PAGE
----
napping. I stopped at the side of the Forsyth and Springfield road. The
night was brilliantly lit up by the moon. I stood in the road with the trusty
dog standing by me and listened several minutes. But the night seemed as
still as death. The shadow of the trees looked lonely and I felt somewhat
nervous. I believed the panther was not far off and I wished now that it
might be a hundred miles away. I was thinking of going back home without
hunting for it, but I had told Whitehead that I was going to try to kill
it and I concluded not to back out. Then I screamed out in imitation to
the cry of a panther. To my dismay I heard an answering cry which I knew
was the scream of a panther. I felt in dark spots all over, but there was
no going back now. I made the dog lie down and I held my shotgun ready and
answered the beast and the panther replied again. It was coming nearer.
I felt for my hunting knife. It was safe and I could reach for it in an
instant if I needed it. I kept repeating the cry and the panther did likewise.
The animal advanced slowly toward me. Its cry was louder and much nearer.
I could feel cold chills pass up and down my spinal column. A clammy sweat
broke out over my body. The dog showed indications of restlessness and wanted
to be somewhere else, but I succeeded in keeping him quiet. Nearer and nearer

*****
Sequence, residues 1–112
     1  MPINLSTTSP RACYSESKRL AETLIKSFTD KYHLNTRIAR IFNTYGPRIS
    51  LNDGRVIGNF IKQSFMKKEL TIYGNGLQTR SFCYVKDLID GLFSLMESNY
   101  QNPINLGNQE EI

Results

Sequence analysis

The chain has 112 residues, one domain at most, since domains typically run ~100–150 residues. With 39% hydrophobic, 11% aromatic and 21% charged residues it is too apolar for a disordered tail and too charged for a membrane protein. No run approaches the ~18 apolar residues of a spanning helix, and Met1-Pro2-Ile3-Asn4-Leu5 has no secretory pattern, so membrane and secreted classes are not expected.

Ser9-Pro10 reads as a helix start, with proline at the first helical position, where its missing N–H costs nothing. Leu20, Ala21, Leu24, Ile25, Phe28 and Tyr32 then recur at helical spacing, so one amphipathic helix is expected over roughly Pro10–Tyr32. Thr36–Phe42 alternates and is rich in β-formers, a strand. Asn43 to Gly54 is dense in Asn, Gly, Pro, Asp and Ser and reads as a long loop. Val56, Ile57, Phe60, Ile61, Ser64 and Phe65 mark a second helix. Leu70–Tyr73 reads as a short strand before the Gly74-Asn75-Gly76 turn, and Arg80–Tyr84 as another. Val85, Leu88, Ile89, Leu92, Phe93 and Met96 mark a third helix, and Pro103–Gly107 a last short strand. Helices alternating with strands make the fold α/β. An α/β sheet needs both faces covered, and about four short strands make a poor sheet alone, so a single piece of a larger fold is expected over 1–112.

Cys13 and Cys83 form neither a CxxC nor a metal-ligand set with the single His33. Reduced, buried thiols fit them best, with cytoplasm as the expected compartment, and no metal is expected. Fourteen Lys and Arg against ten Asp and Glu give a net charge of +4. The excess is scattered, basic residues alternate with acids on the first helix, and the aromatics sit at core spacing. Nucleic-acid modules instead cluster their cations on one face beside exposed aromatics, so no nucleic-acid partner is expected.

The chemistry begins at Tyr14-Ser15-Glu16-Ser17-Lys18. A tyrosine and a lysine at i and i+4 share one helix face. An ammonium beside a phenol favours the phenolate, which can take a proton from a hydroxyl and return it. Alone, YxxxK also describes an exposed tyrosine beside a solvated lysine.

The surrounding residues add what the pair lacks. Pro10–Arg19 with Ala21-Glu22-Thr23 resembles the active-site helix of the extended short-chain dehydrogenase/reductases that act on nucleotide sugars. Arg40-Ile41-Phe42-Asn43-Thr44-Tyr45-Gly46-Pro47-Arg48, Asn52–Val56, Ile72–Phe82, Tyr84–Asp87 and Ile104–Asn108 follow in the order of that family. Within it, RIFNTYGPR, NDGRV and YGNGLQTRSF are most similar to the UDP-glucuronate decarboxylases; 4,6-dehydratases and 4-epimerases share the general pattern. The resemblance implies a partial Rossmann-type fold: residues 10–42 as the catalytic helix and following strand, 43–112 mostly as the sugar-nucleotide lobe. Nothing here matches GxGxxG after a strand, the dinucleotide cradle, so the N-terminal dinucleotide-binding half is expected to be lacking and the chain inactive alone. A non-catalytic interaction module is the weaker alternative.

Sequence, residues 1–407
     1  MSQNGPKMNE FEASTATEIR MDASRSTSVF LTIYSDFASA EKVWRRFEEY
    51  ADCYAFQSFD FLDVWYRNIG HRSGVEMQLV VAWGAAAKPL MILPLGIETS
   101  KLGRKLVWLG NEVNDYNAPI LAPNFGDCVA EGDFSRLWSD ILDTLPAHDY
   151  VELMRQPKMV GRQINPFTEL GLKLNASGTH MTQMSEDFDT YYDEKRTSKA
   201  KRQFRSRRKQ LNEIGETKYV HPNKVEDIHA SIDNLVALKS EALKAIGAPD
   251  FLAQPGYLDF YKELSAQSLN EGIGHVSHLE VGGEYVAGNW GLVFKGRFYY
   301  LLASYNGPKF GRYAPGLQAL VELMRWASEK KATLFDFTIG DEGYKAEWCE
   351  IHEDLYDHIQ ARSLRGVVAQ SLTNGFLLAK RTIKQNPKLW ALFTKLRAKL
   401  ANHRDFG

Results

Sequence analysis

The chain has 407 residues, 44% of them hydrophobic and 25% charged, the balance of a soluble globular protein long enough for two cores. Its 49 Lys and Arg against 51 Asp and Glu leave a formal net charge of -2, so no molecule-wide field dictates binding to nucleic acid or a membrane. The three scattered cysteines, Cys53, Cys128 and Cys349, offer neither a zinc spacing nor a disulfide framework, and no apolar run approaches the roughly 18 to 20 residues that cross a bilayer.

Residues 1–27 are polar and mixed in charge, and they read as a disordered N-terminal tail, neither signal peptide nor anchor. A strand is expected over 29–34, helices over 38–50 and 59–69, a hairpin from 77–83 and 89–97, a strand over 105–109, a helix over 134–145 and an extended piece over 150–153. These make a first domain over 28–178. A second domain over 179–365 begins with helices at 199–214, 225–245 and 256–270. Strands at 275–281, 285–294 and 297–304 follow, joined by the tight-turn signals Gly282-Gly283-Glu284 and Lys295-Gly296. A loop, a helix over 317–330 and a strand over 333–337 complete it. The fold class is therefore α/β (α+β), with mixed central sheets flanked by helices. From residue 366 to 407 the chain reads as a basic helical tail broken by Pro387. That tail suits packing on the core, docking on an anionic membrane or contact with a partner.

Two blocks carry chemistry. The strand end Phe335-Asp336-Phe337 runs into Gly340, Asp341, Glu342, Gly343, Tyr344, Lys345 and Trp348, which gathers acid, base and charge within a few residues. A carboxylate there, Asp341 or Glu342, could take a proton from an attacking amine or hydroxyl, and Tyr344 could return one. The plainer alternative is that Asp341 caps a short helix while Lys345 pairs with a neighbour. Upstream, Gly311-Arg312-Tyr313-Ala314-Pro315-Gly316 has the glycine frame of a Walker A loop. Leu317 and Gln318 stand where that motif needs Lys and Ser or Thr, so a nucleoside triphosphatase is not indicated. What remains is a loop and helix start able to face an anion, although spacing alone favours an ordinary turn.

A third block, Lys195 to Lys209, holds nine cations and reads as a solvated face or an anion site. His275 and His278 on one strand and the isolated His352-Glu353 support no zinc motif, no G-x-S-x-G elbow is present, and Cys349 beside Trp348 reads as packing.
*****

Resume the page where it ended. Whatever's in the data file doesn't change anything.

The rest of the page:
the ferocious beast approached. Its terrible screams sounded louder and
fiercer. Very soon after this I saw it creeping along toward me and I ceased
my part of the noise. I concluded it best now not to get scared and got
my nervous system steady for work. I made no attempt to shoot at it until
it was in 20 steps of where I was standing in the road. Here it stopped,
and while it seemed to be reconnoitering me I took aim at it with my gun
and pulled the trigger of one barrel. A great report sounded out and the
smoke from the explosion of the powder obscured my view of the beast for
a few seconds, but when it cleared away I could see that the form of the
animal had sank down and was still. I waited a while before I ventured up
to it, and found that it was dead. I felt more than glad that my shot proved
to be a success. The panther was a female and measured just an inch over
nine feet in length. Though I had succeeded in calling this one up and killing
it, but I thought it best to not make a practice of calling any more panthers
to me for the fun of shooting at them. But in the case mentioned I received
good pay for my trouble and risk for I went back the following morning after
killing the panther and removed its hide and had it well stuffed and carried
it to Springfield and sold it for seven dollars."
July 8, 1902.